A good history needs careful planning and considerable skills. The omission of significant Shell people from the story and also some significant parts of the company's operations shows defective planning. The book used recollections recorded by former staff and many such memories were faulty. Even material from senior staff, including former directors, contained errors. A history must be based on records.

The errors were not just simple factual errors such as wrong dates, wrong names, wrong quantities. There were many major errors in the descriptions and explanations of events in the life of the company. Much showed a lack of oil industry knowledge on the part of the author. There is erratic historical sequencing and a failure by the author to spot the significance of many events. For it to have got as far as the printing presses can only mean that the project was inadequately managed. I was shocked by the errors that I found on a first reading.

To cite just a handful of its many errors, "Shell in New Zealand" gave three different years for the introduction of electric petrol pumps, it gave two different levels of government participation in BP in 1947, it said that kerbside pumps arrived on the "Athenic" in January 1926 but it is easily found that she was then in European ports, it described expatriate staff as ex-patriots and hordes of visitors as hoards. Information on many of Shell's oil wells in New Zealand contained errors and conflicts. There are errors from one end of the book to the other. The clear impression is that neither the author nor the Heritage Society had the slightest expectation that the history would ever be questioned.

She'll be right at last

Even where the Shell history took information from other books, it managed to create errors. Its simple arithmetic was mishandled, with figures failing to add to stated totals, or wrong percentage calculations. Conversions of oil quantities between weights and volumes were faulty and misunderstood. All such elementary errors in a so-called Shell history, and they were many, condemn both the writer and the whole process of checking what he had written.

Many statements in the book were simply incorrect, implying that they were made by some informant who was ignorant of the true facts. Some have been detected by good fortune. One item about the early days at Marsden Point was jumped on by my friend and former boss who was there at the time and was personally involved in that particular event. Other wrong information about refinery tanks could be checked and corrected because I happen to have that information in my own collection of working papers. Other information has been checked and corrected by oil companies, former oil engineers and by direct reference to authoritative sources and people. Shell's history had been put together by the uncritical and unresearched acceptance of material given to the author by the Heritage Society. It proved badly defective.

A former general manager of Shell BP Todd has told me that much of the work on exploration and production seemed to have been written by senior staff in Wellington who had little real knowledge of that part of the business.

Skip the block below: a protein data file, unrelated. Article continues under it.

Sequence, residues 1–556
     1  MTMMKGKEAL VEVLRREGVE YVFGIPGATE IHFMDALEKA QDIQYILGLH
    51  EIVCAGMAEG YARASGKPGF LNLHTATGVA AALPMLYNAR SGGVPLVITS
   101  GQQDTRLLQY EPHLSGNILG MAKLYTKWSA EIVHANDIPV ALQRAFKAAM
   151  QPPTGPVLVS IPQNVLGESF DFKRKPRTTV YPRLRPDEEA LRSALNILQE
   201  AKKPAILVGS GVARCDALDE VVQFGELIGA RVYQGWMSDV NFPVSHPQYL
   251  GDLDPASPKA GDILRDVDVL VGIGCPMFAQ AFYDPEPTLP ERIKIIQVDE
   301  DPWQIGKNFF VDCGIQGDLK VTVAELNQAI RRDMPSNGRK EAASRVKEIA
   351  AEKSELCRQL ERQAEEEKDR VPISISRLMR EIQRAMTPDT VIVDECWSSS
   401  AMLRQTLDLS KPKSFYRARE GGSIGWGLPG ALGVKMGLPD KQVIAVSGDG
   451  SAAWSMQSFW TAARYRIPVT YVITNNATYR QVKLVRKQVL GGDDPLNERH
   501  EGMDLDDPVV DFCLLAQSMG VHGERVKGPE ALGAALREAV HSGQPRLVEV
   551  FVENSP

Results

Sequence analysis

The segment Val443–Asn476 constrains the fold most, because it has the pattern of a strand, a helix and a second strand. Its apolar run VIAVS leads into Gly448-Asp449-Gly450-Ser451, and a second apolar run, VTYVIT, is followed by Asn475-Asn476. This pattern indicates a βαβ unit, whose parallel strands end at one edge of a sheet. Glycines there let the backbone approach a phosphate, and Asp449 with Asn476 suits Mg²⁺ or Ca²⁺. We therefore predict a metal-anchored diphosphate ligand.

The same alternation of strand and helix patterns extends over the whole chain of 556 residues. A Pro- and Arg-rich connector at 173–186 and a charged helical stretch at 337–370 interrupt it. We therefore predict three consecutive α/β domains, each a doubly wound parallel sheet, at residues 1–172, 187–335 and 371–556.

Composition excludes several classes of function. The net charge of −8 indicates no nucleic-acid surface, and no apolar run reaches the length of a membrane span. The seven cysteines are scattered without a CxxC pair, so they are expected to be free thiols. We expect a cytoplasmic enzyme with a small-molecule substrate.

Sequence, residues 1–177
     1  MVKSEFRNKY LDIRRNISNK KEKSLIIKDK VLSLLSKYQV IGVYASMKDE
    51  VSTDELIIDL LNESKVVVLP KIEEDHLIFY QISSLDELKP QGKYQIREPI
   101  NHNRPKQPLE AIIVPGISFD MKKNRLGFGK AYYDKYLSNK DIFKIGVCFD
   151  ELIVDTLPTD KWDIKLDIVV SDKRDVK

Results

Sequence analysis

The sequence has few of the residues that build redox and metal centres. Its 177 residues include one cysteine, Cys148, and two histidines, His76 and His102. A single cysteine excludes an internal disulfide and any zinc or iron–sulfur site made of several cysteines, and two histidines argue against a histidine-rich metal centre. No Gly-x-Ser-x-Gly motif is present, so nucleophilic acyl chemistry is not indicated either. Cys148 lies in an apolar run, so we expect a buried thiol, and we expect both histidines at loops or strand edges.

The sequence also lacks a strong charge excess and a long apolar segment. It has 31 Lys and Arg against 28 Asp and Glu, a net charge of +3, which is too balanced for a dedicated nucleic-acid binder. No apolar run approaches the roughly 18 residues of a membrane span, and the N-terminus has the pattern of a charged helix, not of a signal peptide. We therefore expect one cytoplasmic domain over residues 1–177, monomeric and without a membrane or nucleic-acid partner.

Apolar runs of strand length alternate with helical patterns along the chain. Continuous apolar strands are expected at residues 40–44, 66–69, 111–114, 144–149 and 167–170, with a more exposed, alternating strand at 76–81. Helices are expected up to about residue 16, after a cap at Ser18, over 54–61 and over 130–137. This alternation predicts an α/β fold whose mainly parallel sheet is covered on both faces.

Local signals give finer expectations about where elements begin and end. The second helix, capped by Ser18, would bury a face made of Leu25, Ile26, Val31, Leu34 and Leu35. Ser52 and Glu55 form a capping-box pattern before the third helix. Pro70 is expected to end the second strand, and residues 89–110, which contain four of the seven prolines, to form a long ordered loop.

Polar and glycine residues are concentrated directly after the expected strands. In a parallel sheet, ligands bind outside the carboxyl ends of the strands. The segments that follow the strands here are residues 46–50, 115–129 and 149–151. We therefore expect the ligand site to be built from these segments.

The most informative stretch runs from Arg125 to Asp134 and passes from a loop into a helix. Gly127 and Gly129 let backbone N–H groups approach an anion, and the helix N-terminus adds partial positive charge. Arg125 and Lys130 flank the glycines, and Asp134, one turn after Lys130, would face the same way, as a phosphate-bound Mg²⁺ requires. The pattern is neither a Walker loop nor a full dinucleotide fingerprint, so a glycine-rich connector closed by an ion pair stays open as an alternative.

Librarians and academics have expressed dismay to me that such a faulty history could have come from a source that is generally considered reliable.



2005 to 2008 - The corrected story

With a life time of experience in the oil industry, in Shell or in closely related work, I wrote a new history entitled "She'll be Right". With nearly two more years of dedicated research, I extended that history through two more editions entitled "She'll be right shortly" and eventually "She'll be right at last" at the beginning of 2007. It drew on a wealth of sources and was a totally new book.

The early history of cars and petrol in New Zealand was researched and developed, beginning to fill a void that existed in both the Shell and Mobil histories. More information was added on climate change, oil depletion, Maui depletion, aircraft emissions, refinery development, other Shell group developments overseas, Shell people, LPGs and innumerable minor additions and changes.

Many Shell publications and news reports continued to bring the overall picture up to date. Shell's 2004 history was a decade or more out of date in some areas of its story when it was written. My story grew in size and the index was reworked and extended. The preface was reworked and the story of this whole research was encapsulated in a poem.

My story became more relevant to the changing energy scene since the millennium. Subjects such as the energy outlook and the emerging problems of climate change were missing from the 2004 history. Thus my new Shell history is a book of more topical and general interest.

My history also makes it clear that other oil histories, such as those of Mobil and New Zealand Refining, had errors of their own, errors that then tended to be copied across by the Shell author without being questioned or checked.

I believe that my story can now be read by general readers as a book of considerable interest, a story that is informative and significant. When I have needed to dip into it occasionally I have been glad to find that it reads well. Beyond the merits of its own, it has its original purpose of being the antidote to the catastrophic version of 2004.

The errors in the Shell history were presented with total confidence. It is clear that Peter Cooke was assured that the material could be trusted. Some errors, such as obvious internal contradictions, must be blamed on the author, as can wrong word choices such as the ex-patriots mentioned above.